Its not just the BP oil spill that is causing people to re-think their ways. Overall, concern about climate change is on the rise. A recent poll by Yale and George Mason Universities shows that more Americans than ever are worried about environmental impacts of CO2 emissions. Yet, this week, the U.S. Senate considered a resolution to stop the Environmental Protection Agency (EPA) from regulating carbon dioxide as a pollutant.
You heard me right. Its as if our elected officials believe they can put their heads in the sand when it comes to our rapidly changing environment.
According to Anthony Leiserowitz, the director the Yale Project on Climate Change Communications:
The stabilization and slight rebound in public opinion is occurring amid signs the economy is starting to recover, along with consumer confidence, and as memories of unusual snowstorms and scientific scandals recede. The BP oil disaster is also reminding the public of the dark side of dependence on fossil fuels, whih may be increasing support for clean energy policies.
Well before the BP Oil Spill, the public expressed a belief that global warming is indeed occurring and is a result of human activities. In fact, 50% of the people polled agreed. And the concern about climate change is on the rise.
So, what is the take-away here? Most of the people polled agreed that lawmakers need to prioritize clean energy solutions to reduce global warming. Specifically, the universities found the following data:
- 77 percent support regulating carbon dioxide as a pollutant
- 87 percent support funding more research into renewable energy sources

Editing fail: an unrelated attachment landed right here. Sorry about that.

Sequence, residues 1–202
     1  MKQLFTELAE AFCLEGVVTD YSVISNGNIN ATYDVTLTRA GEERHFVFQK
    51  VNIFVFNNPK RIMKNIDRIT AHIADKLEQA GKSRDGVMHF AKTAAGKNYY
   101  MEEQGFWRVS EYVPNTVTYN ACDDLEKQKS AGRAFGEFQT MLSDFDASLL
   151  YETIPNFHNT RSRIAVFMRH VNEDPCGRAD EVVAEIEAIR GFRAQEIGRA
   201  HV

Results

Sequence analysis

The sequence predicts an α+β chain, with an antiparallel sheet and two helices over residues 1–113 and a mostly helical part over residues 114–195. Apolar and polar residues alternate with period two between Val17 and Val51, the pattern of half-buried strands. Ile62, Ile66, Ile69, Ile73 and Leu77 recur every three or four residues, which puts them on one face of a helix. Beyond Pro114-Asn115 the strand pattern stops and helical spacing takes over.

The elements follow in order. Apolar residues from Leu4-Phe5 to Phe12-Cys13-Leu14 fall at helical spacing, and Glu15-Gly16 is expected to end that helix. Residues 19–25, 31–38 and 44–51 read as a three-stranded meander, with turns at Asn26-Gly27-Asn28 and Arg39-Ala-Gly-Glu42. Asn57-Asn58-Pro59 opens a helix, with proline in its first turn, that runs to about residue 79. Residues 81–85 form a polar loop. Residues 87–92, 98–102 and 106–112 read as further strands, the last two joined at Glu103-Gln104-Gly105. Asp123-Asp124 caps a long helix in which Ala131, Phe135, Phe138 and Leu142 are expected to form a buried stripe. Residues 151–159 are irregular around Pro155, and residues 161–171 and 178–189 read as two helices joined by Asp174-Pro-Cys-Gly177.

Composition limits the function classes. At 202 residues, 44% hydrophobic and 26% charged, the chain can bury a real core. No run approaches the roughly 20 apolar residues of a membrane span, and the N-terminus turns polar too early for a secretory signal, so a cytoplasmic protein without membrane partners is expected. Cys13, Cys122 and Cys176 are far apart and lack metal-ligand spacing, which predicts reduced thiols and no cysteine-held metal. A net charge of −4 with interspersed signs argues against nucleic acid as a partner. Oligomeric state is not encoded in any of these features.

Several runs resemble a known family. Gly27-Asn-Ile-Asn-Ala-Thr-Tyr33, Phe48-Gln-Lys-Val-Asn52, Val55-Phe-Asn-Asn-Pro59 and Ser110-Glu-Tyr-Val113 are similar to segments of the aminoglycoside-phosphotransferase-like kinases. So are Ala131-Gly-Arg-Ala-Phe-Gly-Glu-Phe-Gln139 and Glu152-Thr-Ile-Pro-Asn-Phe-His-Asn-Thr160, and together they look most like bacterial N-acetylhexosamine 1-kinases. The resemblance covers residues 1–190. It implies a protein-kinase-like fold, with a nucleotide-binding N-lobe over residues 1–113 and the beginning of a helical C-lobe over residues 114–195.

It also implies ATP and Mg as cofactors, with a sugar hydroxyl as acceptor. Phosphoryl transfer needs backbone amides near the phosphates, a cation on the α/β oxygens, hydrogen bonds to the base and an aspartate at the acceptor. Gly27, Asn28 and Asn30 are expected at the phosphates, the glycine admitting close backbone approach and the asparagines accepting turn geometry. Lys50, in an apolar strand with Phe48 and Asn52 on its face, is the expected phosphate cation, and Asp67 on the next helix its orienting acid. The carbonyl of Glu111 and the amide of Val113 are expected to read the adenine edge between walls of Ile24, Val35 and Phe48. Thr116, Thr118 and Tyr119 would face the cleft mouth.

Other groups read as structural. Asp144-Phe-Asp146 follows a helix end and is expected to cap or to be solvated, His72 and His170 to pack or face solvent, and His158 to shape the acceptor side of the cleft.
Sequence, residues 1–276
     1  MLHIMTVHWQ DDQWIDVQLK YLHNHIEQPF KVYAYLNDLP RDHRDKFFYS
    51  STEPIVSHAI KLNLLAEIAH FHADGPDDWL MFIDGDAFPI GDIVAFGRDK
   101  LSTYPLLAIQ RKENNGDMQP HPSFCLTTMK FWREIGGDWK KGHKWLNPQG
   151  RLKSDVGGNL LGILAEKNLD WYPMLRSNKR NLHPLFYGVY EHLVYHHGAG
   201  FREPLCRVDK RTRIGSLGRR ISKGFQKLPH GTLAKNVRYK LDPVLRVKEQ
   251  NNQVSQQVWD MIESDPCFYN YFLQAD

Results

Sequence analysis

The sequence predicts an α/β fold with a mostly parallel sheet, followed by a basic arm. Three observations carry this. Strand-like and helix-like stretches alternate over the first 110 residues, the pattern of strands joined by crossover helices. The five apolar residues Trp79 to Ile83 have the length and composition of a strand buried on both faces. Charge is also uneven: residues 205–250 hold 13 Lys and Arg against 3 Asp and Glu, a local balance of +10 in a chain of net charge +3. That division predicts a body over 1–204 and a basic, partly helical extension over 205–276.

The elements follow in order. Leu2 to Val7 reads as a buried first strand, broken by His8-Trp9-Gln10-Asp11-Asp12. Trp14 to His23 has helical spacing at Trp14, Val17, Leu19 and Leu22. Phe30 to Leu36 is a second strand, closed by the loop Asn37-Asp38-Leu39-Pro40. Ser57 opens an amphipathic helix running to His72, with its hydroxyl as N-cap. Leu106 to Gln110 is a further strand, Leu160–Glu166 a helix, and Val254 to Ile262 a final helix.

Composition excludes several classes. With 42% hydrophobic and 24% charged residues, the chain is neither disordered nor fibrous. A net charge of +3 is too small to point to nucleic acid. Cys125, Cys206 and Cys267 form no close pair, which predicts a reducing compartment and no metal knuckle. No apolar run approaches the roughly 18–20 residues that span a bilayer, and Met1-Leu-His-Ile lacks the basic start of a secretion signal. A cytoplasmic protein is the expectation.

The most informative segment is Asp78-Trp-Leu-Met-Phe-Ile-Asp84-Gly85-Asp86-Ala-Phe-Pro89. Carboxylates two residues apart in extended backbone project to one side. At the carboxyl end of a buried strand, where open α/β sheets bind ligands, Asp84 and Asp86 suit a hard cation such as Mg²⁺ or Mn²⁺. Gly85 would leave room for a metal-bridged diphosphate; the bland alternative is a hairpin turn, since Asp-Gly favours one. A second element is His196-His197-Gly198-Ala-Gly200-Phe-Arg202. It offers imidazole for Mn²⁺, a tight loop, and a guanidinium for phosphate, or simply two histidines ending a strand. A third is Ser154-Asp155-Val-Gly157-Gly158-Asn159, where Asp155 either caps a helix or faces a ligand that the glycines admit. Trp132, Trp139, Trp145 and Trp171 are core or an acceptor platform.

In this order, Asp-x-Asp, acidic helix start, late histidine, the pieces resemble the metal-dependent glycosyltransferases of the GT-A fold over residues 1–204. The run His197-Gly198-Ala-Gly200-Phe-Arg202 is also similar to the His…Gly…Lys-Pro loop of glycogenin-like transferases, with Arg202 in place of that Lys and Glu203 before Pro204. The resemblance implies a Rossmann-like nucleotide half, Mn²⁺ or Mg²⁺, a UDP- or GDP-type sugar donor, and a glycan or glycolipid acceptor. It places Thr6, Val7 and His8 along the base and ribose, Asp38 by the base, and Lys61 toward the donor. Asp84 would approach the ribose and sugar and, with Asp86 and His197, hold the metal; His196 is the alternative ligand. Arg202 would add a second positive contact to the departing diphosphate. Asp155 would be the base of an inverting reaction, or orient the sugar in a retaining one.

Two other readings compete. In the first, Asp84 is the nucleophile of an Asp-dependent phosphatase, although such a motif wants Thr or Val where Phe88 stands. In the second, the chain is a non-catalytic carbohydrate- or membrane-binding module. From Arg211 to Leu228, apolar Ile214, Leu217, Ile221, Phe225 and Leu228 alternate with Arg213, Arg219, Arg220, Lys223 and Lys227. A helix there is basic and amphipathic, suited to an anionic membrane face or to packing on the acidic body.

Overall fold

- 83 percent support tax rebates for people who buy fuel-efficient vehicles and solar panels
- 65 percent support signing an international treaty that requires the United States to cut its emissions of carbon dioxide 90 percent by the year 2050
- 61 percent support requiring electric utilities to produce at least 20 percent of their electricity from renewable energy sources, even if it cost the average household an extra $100 per year
- Support for expanding offshore drilling for oil and natural gas off the U.S. coast fell to 62 percent
In short 7 of 10 Americans express significant concern about climate change on the rise. Added together with the outrage over the BP Oil Spill, we hope that some real strides will start being taken with regard to clean, renewable energy.
Perhaps the most surprising statistic of all is the fact that 64% of Republicans agree with the call to action to list CO2 as a pollutant! Now is truly the time for us to put aside red and blue and work together for the common good.